Close panel

Close panel

Close panel

Close panel

Social affairs 24 Aug 2017

BBVA Ambassadors: Naylenia Ramírez, a smile is the best medicine

Naylenia Ramírez, of BBVA Provincial in Venezuela, is able to negotiate budgets and conditions with the bank’s toughest suppliers and then turn around make kids and adults laugh their hearts out.

Naylenia puts her clown nose on and blocks out everything that happened that day at work. Sometimes it’s hard, because negotiations in her unit (Corporate Premises) are arduous. “We have to demand the highest quality from our suppliers because that’s what we have purchased,” she says seriously.

However, it doesn’t take her long to burst out laughing or tell a joke. She says she learned this from her experience at Doctor Yaso, the NGO she works with. There, with her nose on, she is no longer Naylenia, but Misumisu, a cat-like clown who shares laughter and joy with the youngest patients in the hospitals they visit.

“They are always waiting for us,” she says. “Their parents tell us that the night before we arrive, the kids are too excited to sleep because they know the clowns are coming to play with them.” And it is not only good for the kids: their family and friends also enjoy the jokes. “Some are just as bad off as the patients.”

BBVA Ambassadors: Naylenia Ramírez, a smile is the best medicine

A game-centered approach

The key, in her opinion, is how to interact with kids. “What happens is that many people who visit them only see their illness. We use games to reach them. In fact, we avoid asking what’s wrong with them at all costs: that’s prohibited. That’s what the doctors are there for. Our job is to take the drama out of being hospitalized.”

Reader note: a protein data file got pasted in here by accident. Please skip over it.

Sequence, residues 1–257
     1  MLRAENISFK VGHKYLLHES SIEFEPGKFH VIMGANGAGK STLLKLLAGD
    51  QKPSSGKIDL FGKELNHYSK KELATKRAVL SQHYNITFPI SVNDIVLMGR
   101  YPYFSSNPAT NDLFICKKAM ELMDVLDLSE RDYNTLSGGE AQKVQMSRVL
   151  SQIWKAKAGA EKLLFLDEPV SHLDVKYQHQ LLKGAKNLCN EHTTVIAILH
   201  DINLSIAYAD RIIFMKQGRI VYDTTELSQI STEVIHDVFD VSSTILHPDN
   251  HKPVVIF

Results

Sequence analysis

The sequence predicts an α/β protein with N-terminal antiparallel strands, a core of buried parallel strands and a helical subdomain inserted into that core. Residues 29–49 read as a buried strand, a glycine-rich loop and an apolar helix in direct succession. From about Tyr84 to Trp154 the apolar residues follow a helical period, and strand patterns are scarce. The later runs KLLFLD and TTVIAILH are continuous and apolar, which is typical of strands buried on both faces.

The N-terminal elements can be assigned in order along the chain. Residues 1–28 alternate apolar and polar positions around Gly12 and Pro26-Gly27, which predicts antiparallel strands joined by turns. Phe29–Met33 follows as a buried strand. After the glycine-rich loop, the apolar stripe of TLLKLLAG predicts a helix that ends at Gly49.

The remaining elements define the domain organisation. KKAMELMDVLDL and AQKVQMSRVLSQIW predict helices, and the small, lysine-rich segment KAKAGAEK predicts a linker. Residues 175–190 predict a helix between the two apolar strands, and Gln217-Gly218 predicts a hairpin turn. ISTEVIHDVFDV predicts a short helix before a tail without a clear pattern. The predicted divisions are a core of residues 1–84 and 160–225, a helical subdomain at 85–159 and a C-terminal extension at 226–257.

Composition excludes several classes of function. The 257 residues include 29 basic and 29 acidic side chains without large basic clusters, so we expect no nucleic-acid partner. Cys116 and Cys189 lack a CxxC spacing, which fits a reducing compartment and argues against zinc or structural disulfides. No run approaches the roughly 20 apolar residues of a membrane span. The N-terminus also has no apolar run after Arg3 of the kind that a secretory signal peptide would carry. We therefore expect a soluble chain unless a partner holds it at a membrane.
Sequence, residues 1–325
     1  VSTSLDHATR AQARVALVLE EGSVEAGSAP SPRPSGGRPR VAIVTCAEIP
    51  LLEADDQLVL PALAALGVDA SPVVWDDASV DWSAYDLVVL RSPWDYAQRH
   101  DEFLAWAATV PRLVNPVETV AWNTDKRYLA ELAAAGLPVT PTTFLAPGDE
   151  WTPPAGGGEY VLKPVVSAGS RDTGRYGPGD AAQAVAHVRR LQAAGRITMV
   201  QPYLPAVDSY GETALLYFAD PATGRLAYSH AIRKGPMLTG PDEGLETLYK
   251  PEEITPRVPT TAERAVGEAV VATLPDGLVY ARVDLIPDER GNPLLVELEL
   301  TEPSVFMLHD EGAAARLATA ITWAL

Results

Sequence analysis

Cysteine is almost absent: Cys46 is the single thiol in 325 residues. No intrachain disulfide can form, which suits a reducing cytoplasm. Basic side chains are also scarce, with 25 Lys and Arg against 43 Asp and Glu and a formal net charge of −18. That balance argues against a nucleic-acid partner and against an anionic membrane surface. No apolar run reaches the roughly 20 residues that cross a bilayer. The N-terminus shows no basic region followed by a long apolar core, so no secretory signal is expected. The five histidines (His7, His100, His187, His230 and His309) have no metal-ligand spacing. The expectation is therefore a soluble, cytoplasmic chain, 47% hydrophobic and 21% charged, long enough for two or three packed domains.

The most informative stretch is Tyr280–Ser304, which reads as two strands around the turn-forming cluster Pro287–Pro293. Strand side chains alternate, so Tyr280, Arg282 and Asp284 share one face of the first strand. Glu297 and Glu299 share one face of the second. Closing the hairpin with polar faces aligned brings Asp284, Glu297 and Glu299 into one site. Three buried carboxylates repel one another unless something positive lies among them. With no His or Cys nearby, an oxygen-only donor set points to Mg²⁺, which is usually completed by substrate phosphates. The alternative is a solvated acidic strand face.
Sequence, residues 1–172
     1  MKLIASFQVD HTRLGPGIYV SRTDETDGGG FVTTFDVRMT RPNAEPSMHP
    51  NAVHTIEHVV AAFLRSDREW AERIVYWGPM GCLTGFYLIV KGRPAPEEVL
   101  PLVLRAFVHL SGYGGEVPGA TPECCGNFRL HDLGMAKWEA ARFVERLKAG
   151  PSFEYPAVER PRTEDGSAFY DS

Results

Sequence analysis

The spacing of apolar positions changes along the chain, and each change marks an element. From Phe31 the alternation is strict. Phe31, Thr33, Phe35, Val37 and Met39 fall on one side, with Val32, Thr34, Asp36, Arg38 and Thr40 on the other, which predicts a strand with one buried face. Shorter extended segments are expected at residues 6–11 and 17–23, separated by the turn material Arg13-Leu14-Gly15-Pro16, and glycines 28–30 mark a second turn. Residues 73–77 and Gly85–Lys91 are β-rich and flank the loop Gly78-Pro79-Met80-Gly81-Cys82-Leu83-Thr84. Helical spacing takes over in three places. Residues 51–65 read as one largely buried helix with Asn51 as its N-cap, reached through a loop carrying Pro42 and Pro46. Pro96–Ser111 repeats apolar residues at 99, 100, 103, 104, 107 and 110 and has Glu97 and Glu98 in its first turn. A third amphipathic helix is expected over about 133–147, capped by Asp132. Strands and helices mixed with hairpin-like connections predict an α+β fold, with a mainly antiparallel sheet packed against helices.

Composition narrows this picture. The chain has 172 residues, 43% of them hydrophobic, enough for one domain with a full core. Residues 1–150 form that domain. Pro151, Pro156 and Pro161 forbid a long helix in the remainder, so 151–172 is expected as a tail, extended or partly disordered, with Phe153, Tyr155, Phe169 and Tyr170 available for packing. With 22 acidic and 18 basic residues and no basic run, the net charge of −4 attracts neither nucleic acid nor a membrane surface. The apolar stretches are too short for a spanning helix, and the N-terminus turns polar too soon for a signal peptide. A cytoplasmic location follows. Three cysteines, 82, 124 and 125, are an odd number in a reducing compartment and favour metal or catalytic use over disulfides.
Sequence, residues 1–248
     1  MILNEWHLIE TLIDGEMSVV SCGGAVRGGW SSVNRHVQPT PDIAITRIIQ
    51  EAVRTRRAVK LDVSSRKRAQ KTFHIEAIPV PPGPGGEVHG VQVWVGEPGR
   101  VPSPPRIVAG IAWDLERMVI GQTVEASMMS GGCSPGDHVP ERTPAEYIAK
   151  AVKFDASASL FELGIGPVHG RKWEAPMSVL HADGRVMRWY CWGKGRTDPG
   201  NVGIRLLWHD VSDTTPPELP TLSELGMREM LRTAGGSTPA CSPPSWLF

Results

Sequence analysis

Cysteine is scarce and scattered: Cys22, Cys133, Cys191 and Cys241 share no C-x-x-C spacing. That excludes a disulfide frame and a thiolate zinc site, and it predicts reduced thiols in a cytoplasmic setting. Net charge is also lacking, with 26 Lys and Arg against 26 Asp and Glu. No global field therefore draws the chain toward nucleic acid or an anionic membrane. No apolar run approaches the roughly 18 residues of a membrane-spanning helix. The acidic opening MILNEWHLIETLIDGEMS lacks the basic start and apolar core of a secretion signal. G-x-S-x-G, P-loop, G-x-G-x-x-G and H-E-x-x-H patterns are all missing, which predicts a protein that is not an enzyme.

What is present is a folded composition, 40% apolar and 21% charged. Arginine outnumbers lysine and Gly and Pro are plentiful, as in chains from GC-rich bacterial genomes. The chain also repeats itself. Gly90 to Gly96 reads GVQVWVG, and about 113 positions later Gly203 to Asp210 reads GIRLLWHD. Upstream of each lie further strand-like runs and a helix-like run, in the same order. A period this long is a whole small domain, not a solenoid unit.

They say that we make them laugh, but they give me much more than I can give them”

That change has a huge impact on them. “There are children who spend months there. Or they come from backgrounds where they are not used to someone playing with them in an innocent way like we do. ”

Naylenia considers herself privileged and says she gets more out of the experience than the patients. “They say that we make them laugh, but I think it’s the other way around. They give me much more than I can give them on a visit. Most of all, they help you to put your problems into perspective: They remind you that whatever you are going through is nothing compared to what they have to deal with. They suffer a lot, and even more so with the current situation in Venezuela in terms of medicine, food, etc.”

She acknowledges that she has a soft spot for the toddlers. “My clown is a cat, and I have a great time playing with babies because they love the ears and nose,” she says.

A very real cat

Her character is a cat because it was her own feline that showed her the value of collaborating with the community. “I didn’t volunteer much,” she says. “But about three years ago, we adopted a cat. After that all the animals I saw on the street reminded me of my cat. So I started to volunteer and that showed me the value of helping out.”

Now I take things differently”

It was BBVA that gave her the first opportunity. “The possibility of collaborating with Doctor Yaso arose at the bank.” She signed up and participated in the first session. “I wanted to find a way to show my gratitude for not having suffered hardships, like others. I thought I would go play with the kids for a while, and I realized that there was much more to it than that.”

She recognizes that the hardest thing is to leave behind everything she experiences on her visits. “Sometimes it’s hard to shake it off. But we go in pairs, and at the end of the visit we discuss everything that happened to us so we can leave everything behind us in the hospital. There are patients who move you, and you end up crying. But we can say that we have done everything we could, and for little while they had a good time. There will be more children tomorrow. It’s tough, but that’s what we’re trying to do.”

Naylenia Ramírez, a smile is the best medicine

A transformative experience

She says that the experience has changed her, and the way she approaches her job at the bank too. “Now I take things differently. I’m more patient. Sometimes I even add a touch of humor, and I don’t take things so seriously. That makes work less stressful. You can find a solution for everything.”

Naylenia—or Misumisu—wants to do even more. She dreams of opening an animal shelter. In her architect mind, she has already completed the project. It will be her new way of making people smile.

Other interesting stories